In June, 1941 the German military arrived in northern Finland as part of the Operation Barbarossa offensive against the Soviet Union. The Germans became co-belligerents with the Finns, jointly waging war on the Soviets between June, 1941 and September, 1944 in what is known in Finland as the Continuation War. At its height, 220,000 Germans were based and living in Finnish communities.
The Arktikum Museum and Arctic Science Centre’s exhibit “We Were Friends”: Finnish-German Encounters in Lapland, 1940-1944 revolves around the premise that in many ways the Finns and Germans experienced all the human relationships common between people anywhere: in various contexts, Finns and Germans were friendly colleagues, indifferent peers, or romantically involved. “We Were Friends” departs from conventional Nazi narratives dispensing familiar moral judgments and instead plumbs everyday life between Finns and Germans. That focus delivers a novel if potentially unsettling humanization of Finnish and German people living alongside each other amidst war. It is an enormously challenging ambition to render the Nazi soldiers in Finland as prosaic and even banal people since the Nazis’ broader legacy has dominated historical pictures of German foot soldiers. Inevitably, the exhibit also uneasily illuminates the historical implications of the Finns’ reception of the Germans.
“We Were Friends” casts Finns and Germans as utterly recognizable people negotiating difference and their circumstances as nearly any of us would. The exhibit aspires to humanize the relationships between Finns and Germans, not Nazis and the German military writ large, a mission that may be impossible, naïve, refreshing, overdue, or something anywhere on that continuum. The exhibit perhaps on some level aspires to salvage German soldiers’ humanity from narratives fixed on the Nazi war machine or caricatures of the German foot soldier as an ideological automaton. On a novel, fascinating, and potentially unsettling level “We Were Friends” avoids weaving any especially judgmental moral or ideological narrative of the war, Nazism, or wartime Finns, instead painting a picture of everyday life distinguished by its recognizable banality. Read the rest of this entry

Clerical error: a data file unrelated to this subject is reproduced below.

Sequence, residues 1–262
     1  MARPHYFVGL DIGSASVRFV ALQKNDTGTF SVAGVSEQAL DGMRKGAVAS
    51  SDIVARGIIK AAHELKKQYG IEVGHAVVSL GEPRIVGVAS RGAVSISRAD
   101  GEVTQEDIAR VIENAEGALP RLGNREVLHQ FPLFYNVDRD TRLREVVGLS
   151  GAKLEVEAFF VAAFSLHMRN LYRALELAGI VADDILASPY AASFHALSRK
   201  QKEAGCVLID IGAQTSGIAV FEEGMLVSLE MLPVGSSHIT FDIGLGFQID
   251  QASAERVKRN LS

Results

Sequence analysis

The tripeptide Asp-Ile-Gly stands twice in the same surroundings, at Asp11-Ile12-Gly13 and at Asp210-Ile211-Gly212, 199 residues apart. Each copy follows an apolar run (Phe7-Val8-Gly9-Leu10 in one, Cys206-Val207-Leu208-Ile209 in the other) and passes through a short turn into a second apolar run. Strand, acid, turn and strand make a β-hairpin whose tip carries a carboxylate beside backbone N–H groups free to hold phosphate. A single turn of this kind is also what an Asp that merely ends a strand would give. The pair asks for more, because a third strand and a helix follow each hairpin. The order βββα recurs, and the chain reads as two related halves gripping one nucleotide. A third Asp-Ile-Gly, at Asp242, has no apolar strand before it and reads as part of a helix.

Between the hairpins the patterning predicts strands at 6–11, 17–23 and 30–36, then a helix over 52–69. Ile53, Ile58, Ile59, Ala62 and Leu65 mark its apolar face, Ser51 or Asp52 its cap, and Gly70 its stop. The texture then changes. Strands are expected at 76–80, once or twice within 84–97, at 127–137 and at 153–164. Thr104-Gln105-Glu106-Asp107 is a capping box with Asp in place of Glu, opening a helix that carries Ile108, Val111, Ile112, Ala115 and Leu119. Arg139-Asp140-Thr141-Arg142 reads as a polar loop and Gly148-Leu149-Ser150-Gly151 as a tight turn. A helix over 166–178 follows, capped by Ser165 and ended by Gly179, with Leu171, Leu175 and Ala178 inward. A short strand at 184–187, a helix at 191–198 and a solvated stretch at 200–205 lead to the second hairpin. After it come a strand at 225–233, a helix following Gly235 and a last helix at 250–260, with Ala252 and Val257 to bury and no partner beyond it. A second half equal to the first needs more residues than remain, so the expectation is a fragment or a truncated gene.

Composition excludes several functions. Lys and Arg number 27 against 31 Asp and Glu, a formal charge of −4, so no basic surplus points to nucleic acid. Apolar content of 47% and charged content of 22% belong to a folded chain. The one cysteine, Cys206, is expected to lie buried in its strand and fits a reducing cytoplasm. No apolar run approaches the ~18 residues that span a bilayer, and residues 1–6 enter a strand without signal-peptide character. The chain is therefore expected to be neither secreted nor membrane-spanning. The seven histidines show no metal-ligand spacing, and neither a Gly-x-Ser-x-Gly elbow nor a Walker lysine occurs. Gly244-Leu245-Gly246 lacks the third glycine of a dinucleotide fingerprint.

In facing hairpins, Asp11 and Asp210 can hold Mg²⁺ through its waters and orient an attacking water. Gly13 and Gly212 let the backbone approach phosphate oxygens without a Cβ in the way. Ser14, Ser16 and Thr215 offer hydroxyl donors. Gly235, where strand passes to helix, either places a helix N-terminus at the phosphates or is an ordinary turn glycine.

Few dimensions of heritage in living memory have more power to spark our collective sociopolitical imagination and evoke personal trauma than World War II landscapes. At the end of an otherwise non-descript dead-end in the Oulu, Finland suburbs sits a modest wartime memorial that says much about how we commemorate, remember, preserve, efface, and ignore the most complicated dimensions of that heritage. The little monument tenaciously illuminates the area’s Nazi experience and evokes powerful social and personal traumas, even as the surrounding landscape of ephemeral wartime features risks slowly drifting into invisibility as it passes out of living memory. It is the sort of material thing and landscape associated with very recent historical trauma that increasingly more archaeologists are examining.
Various archaeologists have turned their attention to an archaeology of the “contemporary past,” examining the politics of materiality and heritage in the memories of living people. Alfredo Gonzalez-Ruibal paints a picture of a consciously politicized archaeology of the recent past that aspires to “haunt us” by summoning forth “the presence of the past in a vivid way.” Gonzalez-Ruibal focuses on spaces of “abjection” that are “beyond social remembrance, where memory is erased,” historical moments that “too recent, conflicting, and repulsive to be shaped as collective memory.” Such spaces and things are rarely part of actively accessed memory or intentional commemoration, instead largely left to gradually decay. The Oulu memorial and a landscape of trenches, scattered landscape features, and at least one standing structure are the sort of apparently mundane things that evoke complicated and painful wartime experiences, a “vanishing present” that most of society has been reluctant to confront.